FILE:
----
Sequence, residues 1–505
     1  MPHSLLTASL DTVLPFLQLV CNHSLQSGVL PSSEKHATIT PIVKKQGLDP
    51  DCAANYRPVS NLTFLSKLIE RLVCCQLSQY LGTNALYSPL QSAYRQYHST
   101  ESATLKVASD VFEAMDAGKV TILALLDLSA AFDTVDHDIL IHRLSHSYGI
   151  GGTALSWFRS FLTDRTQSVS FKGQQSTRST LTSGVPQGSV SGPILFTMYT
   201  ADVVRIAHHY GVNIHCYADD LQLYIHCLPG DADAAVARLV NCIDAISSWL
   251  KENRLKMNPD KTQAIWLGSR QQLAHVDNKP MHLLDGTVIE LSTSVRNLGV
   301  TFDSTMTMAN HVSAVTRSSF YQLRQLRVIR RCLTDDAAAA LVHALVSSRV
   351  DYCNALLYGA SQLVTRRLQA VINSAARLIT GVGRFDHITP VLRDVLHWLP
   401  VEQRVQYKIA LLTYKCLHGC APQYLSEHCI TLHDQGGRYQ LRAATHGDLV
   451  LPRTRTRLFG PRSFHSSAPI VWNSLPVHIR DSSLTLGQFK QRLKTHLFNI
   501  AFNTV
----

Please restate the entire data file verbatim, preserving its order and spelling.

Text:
Sequence, residues 1–505
     1  MPHSLLTASL DTVLPFLQLV CNHSLQSGVL PSSEKHATIT PIVKKQGLDP
    51  DCAANYRPVS NLTFLSKLIE RLVCCQLSQY LGTNALYSPL QSAYRQYHST
   101  ESATLKVASD VFEAMDAGKV TILALLDLSA AFDTVDHDIL IHRLSHSYGI
   151  GGTALSWFRS FLTDRTQSVS FKGQQSTRST LTSGVPQGSV SGPILFTMYT
   201  ADVVRIAHHY GVNIHCYADD LQLYIHCLPG DADAAVARLV NCIDAISSWL
   251  KENRLKMNPD KTQAIWLGSR QQLAHVDNKP MHLLDGTVIE LSTSVRNLGV
   301  TFDSTMTMAN HVSAVTRSSF YQLRQLRVIR RCLTDDAAAA LVHALVSSRV
   351  DYCNALLYGA SQLVTRRLQA VINSAARLIT GVGRFDHITP VLRDVLHWLP
   401  VEQRVQYKIA LLTYKCLHGC APQYLSEHCI TLHDQGGRYQ LRAATHGDLV
   451  LPRTRTRLFG PRSFHSSAPI VWNSLPVHIR DSSLTLGQFK QRLKTHLFNI
   501  AFNTV